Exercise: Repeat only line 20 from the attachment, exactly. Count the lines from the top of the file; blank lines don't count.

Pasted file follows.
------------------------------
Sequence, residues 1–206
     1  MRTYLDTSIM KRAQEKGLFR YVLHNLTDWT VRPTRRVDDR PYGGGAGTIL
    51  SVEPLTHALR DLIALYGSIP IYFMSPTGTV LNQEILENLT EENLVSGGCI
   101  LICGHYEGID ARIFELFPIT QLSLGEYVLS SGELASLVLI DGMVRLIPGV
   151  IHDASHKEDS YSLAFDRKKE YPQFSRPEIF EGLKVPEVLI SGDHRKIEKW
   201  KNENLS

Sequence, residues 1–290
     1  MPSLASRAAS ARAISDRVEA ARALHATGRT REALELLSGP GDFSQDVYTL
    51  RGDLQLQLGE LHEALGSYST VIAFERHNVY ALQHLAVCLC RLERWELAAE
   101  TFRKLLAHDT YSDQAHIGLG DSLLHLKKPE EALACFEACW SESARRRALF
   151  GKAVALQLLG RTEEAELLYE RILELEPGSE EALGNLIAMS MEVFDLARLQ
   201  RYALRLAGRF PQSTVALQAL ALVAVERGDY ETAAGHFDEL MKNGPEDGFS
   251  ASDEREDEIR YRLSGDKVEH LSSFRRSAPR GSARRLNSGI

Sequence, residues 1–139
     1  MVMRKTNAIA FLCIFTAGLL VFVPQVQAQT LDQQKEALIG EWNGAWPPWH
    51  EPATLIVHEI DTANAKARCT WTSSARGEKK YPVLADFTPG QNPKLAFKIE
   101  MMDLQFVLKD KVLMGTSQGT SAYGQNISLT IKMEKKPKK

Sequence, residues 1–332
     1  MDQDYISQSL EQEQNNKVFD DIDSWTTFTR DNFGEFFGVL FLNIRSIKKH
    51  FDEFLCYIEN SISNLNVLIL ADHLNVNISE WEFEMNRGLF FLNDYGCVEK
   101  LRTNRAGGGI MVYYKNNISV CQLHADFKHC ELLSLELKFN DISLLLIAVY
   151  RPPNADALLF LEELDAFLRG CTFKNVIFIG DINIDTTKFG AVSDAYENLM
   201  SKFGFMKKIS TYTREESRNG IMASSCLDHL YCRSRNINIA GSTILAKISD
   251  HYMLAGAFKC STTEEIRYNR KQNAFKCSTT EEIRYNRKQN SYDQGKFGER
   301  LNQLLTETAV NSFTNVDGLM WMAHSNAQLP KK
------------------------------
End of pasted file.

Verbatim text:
    51  FDEFLCYIEN SISNLNVLIL ADHLNVNISE WEFEMNRGLF FLNDYGCVEK